The truth is, I was Lenny Diko from the age of 19 to about 26 or 27. I starting making music in the latter days of high school (around 1999/2000) and continued until about 2008 or so before I officially hung up the microphone. I then went through some major shifts in life, focusing on everything from my health (mental and physical) to becoming a father and leaning into my career. I’ve always been someone who was aggressive with trying to prove themselves. Not so much for immediate gratitude or response from peers, but to myself. No matter what I’ve done, I “hustled hard”. Whether it was making music, running UIYB Records, starting a consulting business doing digital strategy or now my career of building and scaling businesses. I was a lost soul in my 20’s and I know that. And that brings me to why I re-released some of my old music. I may release more as I go, but for now this will do. My two albums “Recession Proof” (2007) and “I Hate Sunday Mornings” (2008) tell a story and it listening to them 12 years later makes it so much easier to see and hear.
Both albums tell a story of a young man struggling in so many ways. I struggled with understanding masculinity, with escaping reality, and with anger management. I prided myself on protecting my family and friends, creating a group of people that would support each other no matter what and pushing back against traditional norms. But underneath the music and stories I wrote on each song, I believe you can see the true me… A bit of a geek, a strong man, and a man that wanted to have an impact on the world around him. I was a young man that cared so much about ensuring those around him were safe and taken care of, that it often took priority over his own wellbeing.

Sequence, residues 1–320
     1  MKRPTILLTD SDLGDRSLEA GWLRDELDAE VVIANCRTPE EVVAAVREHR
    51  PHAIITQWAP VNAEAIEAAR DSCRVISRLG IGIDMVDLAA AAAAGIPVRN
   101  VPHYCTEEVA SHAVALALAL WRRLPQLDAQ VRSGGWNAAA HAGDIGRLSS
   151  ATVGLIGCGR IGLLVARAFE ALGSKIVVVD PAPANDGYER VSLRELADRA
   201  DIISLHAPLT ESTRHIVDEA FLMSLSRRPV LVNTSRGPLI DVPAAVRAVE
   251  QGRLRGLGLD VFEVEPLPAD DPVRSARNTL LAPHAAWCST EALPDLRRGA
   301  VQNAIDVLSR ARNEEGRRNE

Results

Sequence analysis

I also re-released these two albums specifically because I’ve been doing a lot of reflecting the last year or so on my music days. This music is what landed me a distribution deal in Asia, what helped form one of the coolest hip hop groups in Vancouver (Violative Cause), allowed me to tour parts of Europe and build connections with people that were instrumental in my personal growth.
From being on stage in a small Austrian town and making music some of the most talented artists I’d ever met there, to being in studio with Emotionz in Vancouver and learning how to had depth to a song, to touring and business with Moka Only while making music with him and learning about just putting out whatever you want, to making a song with Birdapres digitally across Canada….. The stories go on and on. The business people I met at bars and clubs made me harder, they made me tough. They taught me know business is cutthroat but so much good can come from it. The ripple effect from capitalism can be an incredible thing. And independent hip hop is the perfect bridge between liberal arts and conservative capitalism. It made me who I am.